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Computational Technology Reviews
ISSN 2044-8430
Computational Technology Reviews
Volume 8, 2013
The State of the Art in Processing Ground Motion Timeseries
N.A. Alexander1 and A.A. Chanerley2

1University of Bristol, United Kingdom
2University of East London, United Kingdom

Full Bibliographic Reference for this paper
N.A. Alexander, A.A. Chanerley, "The State of the Art in Processing Ground Motion Timeseries", Computational Technology Reviews, vol. 8, pp. 93-124, 2013. doi:10.4203/ctr.8.4
Keywords: accelerograph, correction, filtering, deconvolution, wavelet denoising, displacements.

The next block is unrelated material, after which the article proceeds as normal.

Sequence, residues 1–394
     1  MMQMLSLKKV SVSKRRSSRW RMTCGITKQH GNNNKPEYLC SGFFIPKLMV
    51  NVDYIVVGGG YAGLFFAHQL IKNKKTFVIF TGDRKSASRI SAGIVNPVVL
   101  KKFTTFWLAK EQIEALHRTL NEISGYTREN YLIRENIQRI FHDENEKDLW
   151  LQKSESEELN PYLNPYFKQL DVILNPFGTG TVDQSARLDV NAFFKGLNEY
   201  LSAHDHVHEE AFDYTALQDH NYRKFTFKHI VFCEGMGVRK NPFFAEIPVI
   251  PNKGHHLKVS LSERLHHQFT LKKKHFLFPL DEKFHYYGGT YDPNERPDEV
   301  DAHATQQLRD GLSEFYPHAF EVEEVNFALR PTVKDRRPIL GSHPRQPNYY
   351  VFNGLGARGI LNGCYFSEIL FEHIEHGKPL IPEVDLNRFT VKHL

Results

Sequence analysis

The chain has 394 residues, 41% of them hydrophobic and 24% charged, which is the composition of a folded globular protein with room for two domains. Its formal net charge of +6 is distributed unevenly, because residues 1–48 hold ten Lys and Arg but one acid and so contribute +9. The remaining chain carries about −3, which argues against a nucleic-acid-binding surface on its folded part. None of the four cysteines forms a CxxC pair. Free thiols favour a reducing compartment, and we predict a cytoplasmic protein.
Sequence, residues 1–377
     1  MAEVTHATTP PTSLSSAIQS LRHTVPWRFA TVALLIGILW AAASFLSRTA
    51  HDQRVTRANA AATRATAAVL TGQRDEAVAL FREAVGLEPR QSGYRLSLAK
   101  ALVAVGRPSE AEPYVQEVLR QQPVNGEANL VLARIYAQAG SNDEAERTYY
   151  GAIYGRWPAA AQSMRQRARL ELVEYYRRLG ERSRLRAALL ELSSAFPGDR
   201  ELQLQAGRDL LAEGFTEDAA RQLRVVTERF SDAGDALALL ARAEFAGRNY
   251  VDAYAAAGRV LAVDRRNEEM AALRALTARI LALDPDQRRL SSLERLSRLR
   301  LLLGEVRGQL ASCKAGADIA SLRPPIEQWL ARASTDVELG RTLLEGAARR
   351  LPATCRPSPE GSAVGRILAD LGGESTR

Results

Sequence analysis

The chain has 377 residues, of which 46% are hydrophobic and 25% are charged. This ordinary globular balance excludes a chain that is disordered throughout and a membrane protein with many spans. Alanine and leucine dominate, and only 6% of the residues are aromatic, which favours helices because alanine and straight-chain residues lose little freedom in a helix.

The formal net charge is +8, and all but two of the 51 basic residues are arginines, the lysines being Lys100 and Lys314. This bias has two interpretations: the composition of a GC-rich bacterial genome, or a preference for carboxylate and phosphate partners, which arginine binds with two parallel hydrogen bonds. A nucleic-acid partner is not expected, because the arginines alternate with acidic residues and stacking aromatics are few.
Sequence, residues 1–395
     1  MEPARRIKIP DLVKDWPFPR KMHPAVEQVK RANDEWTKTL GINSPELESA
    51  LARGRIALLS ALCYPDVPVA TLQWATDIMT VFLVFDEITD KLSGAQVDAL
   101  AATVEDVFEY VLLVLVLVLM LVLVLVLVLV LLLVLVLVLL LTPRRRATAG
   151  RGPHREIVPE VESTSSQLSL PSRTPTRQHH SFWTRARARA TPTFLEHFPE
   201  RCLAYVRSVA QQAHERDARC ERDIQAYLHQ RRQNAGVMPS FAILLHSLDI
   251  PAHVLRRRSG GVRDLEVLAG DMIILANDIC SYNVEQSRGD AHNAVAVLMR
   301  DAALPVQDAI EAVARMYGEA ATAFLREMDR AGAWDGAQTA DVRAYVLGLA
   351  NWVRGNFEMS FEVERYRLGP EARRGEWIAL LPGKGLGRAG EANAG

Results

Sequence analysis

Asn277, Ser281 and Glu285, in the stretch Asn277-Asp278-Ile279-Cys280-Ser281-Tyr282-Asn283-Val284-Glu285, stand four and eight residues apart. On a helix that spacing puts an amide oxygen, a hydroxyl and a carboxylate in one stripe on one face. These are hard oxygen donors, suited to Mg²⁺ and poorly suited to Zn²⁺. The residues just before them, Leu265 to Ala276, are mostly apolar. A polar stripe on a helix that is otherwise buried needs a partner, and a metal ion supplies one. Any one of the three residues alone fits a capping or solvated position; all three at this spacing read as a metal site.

In this paper, we review the methods employed in the scientific literature for the correction and processing of timeseries data obtained from strong motion accelerographs. Noise/error reduction is the key. For the legacy analogue, the sources of error found in strong motion instruments and their recordings were, (i) instrument noise (caused by low dynamic range, saturation, etc.), (ii) nonlinear instrument system responses (including poor performance at deconvolution DC), (iii) triggering post event start, (iv) analogue data storage and digitization. For digital accelerographs, many of these problems have been ameliorated by improved design. However, the presence of noise caused by instrument tilting/rotating has not been corrected as modern digital accelerographs are still only 3 (translational) axis instruments. The signal processing techniques conventionally applied were baseline correction, band pass filtering, and instrument deconvolution. The least controversial of these techniques is the high-cut filter which acts as an anti-alias filter. Instrument deconvolution does require knowledge of its characteristic frequency response function, which may be unknown. In this case, the authors applied inverse system identification using various adaptive least squares approaches. Low-cut filtering is more problematic, as it assumes that information within some frequency stop-bands is all noise. Noise reduction (at low frequencies) is critical in obtaining ground displacements from ground acceleration timeseries. Boore suggests a piecewise linear detrend; but a better alternative is a de-noising approach. Others use the stationary wavelet transformer to separate the acceleration timeseries into low frequency sub-band (LFS) and high frequency subbands (HFS). The LFS is de-noised and resulting displacements are a better match to GPS results. This highlights one of the main weaknesses of modern instruments, namely that they are still only 3-axis and not 6-axis instruments.

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